The surprise loser was the U.S., which had hoped the efforts of former president Bill Clinton and actor Morgan Freeman could woo voters away from new locales and bring the tournament back to America for the first time since 1994.

Latham & Watkins served as an official partner of the U.S. bid committee seeking the 2022 World Cup, according to a release by the U.S. Soccer Federation. The firm has had a long relationship with the sport's governing body in the U.S., having done the legal work for the 1994 World Cup. (Former U.S. Soccer president Alan Rothenberg was once a Latham partner; click here for a Sports Illustrated story on the firm's long-standing ties to soccer in the U.S.)

But 2022 was not to be for Team USA. Some U.S. Soccer officials are crying foul, wondering aloud whether the system used to select new sites for the World Cup needs to be revamped. FIFA itself has been plagued by allegations of corruption against senior officials. Adam Silverstein, a partner at New York firm Golenbock Eiseman Assor Bell & Peskoe who sued FIFA on behalf of MasterCard and won a $90 million settlement three years ago, told USA Today that the organization is "accountable to no one."

Latham corporate partner Paul Tosetti, who served as outside counsel to World Cup USA 1994 and was part of a team from the firm working with U.S. Soccer on the latest World Cup bid, did not immediately respond to a request for comment. SNR Denton represented Qatar on its winning bid, according to a story by U.K. legal publication Legal Week.

AROUND THE HORN

-- Proskauer labor partner L. Robert Batterman and former Patton Boggs partner DeMaurice Smith, who heads the NFL players union, are butting heads again in the league's ongoing search for a new collective bargaining agreement. Batterman told The Washington Post last week that he wants a labor deal, not a lockout, which Smith claims is a "near certainty" next season. (Smith's counterpart at the NBA feels the same way.) That has the league scoffing at the union's position and saber-rattling lockout talk. Can't we all just get along?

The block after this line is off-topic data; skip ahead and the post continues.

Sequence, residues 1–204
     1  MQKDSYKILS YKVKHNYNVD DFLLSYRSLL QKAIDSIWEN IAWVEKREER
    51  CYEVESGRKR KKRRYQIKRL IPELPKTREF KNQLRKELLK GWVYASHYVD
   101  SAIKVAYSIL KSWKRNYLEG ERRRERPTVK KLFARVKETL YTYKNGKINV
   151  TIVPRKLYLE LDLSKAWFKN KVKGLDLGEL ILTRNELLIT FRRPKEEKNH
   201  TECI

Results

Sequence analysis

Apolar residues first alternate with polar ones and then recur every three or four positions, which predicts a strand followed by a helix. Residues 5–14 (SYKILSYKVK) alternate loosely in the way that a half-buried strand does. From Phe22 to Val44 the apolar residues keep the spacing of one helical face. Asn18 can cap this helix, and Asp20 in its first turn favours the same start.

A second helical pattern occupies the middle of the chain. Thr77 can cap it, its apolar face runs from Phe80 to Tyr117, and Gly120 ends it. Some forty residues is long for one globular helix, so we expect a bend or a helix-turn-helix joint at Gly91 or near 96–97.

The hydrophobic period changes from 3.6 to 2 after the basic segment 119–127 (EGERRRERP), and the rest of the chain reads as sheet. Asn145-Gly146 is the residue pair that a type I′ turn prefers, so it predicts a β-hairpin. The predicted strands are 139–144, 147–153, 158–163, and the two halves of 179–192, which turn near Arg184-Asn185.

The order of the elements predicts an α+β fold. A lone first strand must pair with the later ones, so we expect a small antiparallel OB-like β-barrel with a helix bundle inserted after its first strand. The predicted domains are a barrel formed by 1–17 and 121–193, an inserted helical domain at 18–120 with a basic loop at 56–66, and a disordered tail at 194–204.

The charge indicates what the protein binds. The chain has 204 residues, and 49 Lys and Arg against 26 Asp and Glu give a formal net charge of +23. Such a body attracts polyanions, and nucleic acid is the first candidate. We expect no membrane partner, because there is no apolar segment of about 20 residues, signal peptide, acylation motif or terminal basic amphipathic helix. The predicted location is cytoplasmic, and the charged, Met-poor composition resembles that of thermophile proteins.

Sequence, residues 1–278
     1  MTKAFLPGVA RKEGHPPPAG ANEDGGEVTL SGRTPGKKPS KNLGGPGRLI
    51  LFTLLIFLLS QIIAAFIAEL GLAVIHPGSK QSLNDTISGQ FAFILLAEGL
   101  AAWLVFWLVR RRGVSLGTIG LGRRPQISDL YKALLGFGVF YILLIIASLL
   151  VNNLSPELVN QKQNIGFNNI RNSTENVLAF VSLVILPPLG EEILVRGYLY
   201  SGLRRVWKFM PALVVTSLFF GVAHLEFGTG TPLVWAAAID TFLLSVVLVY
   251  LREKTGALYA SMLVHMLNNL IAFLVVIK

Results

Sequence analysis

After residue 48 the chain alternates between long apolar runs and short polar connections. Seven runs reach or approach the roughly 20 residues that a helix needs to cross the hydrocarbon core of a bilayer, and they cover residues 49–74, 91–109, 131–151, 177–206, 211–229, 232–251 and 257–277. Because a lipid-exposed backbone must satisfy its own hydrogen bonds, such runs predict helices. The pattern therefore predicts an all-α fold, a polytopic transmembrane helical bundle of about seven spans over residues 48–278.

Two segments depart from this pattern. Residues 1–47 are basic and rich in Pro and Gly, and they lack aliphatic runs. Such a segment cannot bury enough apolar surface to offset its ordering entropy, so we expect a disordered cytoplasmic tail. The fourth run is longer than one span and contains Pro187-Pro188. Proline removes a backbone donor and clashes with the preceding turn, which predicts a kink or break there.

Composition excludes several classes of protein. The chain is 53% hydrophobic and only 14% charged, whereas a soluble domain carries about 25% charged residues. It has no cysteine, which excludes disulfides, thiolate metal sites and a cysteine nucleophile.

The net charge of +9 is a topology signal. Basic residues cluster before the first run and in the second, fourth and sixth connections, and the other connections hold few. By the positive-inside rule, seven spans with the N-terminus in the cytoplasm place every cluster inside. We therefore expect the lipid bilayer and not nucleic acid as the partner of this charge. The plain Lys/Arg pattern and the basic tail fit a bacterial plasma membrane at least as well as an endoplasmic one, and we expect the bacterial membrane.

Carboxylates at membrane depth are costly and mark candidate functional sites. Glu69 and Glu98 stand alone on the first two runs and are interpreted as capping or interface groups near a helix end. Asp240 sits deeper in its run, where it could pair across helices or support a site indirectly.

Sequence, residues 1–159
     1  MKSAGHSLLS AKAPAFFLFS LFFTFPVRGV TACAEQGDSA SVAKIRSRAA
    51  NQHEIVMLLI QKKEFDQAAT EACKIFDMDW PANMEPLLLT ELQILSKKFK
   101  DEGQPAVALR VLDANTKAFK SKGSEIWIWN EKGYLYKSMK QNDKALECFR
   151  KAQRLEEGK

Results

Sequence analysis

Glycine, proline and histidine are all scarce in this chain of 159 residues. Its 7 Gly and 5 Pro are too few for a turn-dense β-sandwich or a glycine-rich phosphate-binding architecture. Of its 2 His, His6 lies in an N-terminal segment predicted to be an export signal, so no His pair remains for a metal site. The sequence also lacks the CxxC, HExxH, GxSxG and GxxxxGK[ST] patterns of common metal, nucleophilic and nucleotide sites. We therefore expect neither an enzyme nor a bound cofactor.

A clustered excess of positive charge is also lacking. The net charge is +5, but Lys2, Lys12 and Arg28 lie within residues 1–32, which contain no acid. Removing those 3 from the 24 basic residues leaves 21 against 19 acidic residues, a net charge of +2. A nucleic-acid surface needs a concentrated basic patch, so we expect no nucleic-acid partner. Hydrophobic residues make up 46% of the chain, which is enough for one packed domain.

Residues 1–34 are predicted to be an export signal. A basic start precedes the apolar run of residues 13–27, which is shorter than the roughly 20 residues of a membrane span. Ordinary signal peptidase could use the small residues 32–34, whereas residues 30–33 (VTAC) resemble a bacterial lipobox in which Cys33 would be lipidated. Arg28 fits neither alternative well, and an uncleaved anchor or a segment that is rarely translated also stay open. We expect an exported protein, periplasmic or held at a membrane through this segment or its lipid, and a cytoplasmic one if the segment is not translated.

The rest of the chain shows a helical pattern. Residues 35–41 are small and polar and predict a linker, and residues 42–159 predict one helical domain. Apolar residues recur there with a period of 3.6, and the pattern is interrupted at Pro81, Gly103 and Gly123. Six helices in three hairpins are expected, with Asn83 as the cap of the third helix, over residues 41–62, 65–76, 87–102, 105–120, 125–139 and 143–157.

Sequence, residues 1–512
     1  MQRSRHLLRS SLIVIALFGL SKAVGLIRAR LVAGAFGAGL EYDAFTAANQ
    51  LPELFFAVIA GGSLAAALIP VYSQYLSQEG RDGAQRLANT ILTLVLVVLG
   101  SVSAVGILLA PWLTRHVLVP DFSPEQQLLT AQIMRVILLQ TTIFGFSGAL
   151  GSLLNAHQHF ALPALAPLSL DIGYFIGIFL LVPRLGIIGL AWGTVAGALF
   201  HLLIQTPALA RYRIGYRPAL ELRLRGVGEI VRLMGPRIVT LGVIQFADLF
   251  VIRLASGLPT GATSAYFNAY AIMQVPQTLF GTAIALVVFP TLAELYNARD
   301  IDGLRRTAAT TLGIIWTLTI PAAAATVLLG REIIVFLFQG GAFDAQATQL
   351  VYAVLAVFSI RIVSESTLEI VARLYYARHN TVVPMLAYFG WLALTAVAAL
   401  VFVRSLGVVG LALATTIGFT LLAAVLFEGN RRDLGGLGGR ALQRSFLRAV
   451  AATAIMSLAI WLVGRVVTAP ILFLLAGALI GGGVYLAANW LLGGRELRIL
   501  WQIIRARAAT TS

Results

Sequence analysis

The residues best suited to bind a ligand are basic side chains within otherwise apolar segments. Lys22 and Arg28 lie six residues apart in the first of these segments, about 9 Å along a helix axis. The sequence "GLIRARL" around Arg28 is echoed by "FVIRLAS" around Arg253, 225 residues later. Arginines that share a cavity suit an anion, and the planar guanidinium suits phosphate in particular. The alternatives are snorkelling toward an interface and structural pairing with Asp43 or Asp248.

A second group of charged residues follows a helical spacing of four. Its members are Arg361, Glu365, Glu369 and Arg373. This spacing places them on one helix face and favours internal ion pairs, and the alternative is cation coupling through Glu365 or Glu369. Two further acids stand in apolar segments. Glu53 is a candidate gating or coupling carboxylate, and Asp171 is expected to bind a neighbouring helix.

-- Zuckerman Spaeder partner Cyril Smith, who represented former Pittsburgh Steeler Hall of Famer Mike Webster in a civil suit against the NFL's pension plan, is doing the same for former NFL running back Eric Shelton. Smith sued the pension plan this week in U.S. district court in Baltimore, claiming that Shelton should have received the highest level of disability benefits as a result of a helmet-to-helmet hit that ended his career. Douglas Ell, an attorney for the pension fund at the Groom Law Group in Washington, D.C., claims that Shelton is being justly compensated.

-- The collapse of the proposed sale of the NBA's New Orleans Hornets will result in the league taking control of the franchise, according to ESPN.com. The Am Law Daily reported in May on the two New Orleans-based firms advising on the deal--Liskow & Lewis and Phelps Dunbar--that has now apparently fallen through. The New Orleans Times-Picayune reports that Jac Sperling, president of the NHL's Minnesota Wild and a former partner at Hogan & Hartson in Denver, will oversee the NBA's sale of the franchise.

-- An ownership battle involving the Scranton/Wilkes-Barre Yankees, the Triple A affiliate of the Bronx Bombers, has led to Reed Smith being signed to a secret contract by Luzerne County commissioners, according to The Citizens Voice. Luzerne, which co-owns the team with neighboring Lackawanna County, is seeking public input on a pending sale of the franchise. Luzerne claims the SWB Yankees are worth $25 million, not the current $14.6 million sales price. Prior to Reed Smith, Buchanan Ingersoll & Rooney and Scranton firm Meyers, Brier & Kelly were also paid with Luzerne public funds, according to The Citizens Voice.

-- Marquette University Law School is reaching into the bullpen for the newest member of its faculty. The National Law Journal, a sibling publication, recently reported that MLB commissioner Bud Selig has been named an adjunct professor at the school. Selig, who is not a lawyer, had been lecturing at Marquette since 2009. The Milwaukee native has longtime ties to the school--his daughter, Wendy Selig-Preib, graduated from the law school in 1988.